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The Dinosaurs’ Last March: Katie Couric And The California Adventure That Isn’t

Wednesday, October 17, 2007  |  posted by Hugh Hewitt
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Disney is admitting that its Anaheim “California Adventure” is a flop.  From the WSJ.com (subscription required):

Since its 2001 debut, the Walt Disney Co. theme park Disney’s California Adventure has floundered in the shadow of its legendary neighbor, Disneyland. To fix it, Disney is now planning a $1.1 billion overhaul — the most extensive makeover the company has ever given to a theme park.

Disney’s board recently approved the investment, which will be poured into California Adventure over roughly five years, according to people familiar with the plan. The sum is particularly significant, considering the theme park cost around $1 billion to build and Disney has already spent more than $100 million trying to improve it.

Originally aimed at luring visitors to spend more time and money at the Disneyland Resort, California Adventure has been criticized as lacking Disney’s trademark creative spark. The California theme has fallen flat with visitors from the western U.S., who make up the bulk of attendance. Last year, the park drew just under six million visitors, compared with nearly 15 million at Disneyland and short of Disney’s original forecast of seven million visitors a year for the new park.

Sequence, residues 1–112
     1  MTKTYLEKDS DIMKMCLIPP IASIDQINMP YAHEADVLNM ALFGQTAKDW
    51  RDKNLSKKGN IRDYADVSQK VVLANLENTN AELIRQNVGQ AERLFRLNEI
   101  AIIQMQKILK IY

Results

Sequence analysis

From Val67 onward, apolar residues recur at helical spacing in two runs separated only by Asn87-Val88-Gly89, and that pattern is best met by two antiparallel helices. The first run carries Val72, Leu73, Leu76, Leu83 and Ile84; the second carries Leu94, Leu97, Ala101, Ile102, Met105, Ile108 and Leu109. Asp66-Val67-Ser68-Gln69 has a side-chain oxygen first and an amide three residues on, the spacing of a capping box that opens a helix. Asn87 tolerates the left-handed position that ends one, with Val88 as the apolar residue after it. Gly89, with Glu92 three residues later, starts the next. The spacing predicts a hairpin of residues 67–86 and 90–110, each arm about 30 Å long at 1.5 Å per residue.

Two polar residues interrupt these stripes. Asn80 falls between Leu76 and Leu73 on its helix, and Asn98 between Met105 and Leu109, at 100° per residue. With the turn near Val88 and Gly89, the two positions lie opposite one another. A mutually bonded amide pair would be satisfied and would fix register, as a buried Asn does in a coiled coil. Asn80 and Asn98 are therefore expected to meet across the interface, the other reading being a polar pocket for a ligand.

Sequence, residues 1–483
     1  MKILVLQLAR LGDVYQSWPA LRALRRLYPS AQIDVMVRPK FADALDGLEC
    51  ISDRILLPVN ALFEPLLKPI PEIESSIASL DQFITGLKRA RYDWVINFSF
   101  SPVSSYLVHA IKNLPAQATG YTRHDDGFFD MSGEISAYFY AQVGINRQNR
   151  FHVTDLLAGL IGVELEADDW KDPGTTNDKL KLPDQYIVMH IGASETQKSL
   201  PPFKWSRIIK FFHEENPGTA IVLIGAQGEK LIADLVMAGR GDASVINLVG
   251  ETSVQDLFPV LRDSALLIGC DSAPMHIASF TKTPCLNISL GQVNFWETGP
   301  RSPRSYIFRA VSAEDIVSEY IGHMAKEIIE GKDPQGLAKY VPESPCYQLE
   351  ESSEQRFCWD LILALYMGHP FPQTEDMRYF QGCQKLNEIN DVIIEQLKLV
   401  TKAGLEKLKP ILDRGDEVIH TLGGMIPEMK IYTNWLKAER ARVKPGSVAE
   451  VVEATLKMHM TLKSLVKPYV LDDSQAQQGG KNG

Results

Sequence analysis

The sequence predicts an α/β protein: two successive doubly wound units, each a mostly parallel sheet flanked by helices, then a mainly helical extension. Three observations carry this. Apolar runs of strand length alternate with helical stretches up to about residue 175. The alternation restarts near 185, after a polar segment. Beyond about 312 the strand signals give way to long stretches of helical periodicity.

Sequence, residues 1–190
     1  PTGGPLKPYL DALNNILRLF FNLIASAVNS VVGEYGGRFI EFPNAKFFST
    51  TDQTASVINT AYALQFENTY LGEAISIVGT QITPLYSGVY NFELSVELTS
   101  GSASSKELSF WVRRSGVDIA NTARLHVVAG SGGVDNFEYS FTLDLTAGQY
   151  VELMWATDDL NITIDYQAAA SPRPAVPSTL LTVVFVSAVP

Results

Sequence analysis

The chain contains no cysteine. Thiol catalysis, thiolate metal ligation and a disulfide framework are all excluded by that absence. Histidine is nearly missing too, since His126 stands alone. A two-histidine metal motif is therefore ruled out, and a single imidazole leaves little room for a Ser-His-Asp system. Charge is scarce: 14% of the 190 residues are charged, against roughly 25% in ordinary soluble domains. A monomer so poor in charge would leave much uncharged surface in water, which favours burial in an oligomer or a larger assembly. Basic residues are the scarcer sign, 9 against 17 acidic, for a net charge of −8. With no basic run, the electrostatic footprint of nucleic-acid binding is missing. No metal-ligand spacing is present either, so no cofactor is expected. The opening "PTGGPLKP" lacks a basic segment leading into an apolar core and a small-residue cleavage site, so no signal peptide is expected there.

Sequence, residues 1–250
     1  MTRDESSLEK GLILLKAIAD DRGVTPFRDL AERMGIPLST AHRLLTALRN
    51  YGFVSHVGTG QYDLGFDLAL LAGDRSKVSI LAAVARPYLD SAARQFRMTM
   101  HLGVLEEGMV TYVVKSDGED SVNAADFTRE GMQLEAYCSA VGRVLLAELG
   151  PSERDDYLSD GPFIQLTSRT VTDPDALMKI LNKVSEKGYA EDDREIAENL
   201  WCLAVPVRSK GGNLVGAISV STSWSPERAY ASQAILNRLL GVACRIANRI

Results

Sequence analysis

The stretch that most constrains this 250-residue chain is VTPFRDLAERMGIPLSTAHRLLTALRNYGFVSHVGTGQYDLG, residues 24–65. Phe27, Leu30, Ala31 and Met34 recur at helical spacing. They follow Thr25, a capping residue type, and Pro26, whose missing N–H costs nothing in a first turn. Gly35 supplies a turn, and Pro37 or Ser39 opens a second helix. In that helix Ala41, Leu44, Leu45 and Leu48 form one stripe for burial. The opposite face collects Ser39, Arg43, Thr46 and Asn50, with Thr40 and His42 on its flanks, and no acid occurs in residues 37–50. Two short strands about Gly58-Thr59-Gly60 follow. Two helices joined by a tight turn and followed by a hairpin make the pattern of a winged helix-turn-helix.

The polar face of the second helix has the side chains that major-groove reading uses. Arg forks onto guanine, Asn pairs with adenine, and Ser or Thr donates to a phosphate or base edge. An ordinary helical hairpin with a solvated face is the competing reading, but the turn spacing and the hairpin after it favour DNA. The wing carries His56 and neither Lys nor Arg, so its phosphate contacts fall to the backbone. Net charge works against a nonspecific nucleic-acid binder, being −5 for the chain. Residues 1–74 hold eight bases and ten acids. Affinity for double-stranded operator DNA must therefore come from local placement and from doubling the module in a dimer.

Read the whole thing.

It is hard for big corps to admit fundamental errors, but unless and until they do, the problems associated with the big swing-and-a-miss get worse.

Howard Kurtz will be my guest today to discuss his new book Reality Show: Inside The Last Great Television News War.  One of the themes of the book is the big wager CBS placed on Katie Couric and how it just isn’t panning out.  Long time TV genius Rick Kaplan has been brought aboard to try and save the ship, but like the first $100 million thrown at California Adventure, the small measure probably won’t work.  How long will CBS let the audience fasten itself to the other nets because it prefers KC in the AM and not as the anchor?

It took Disney six years to take the deep breath and move.  To get Howard’s view on this and all the other aspects of the dinosaurs’ last march, tune it today.

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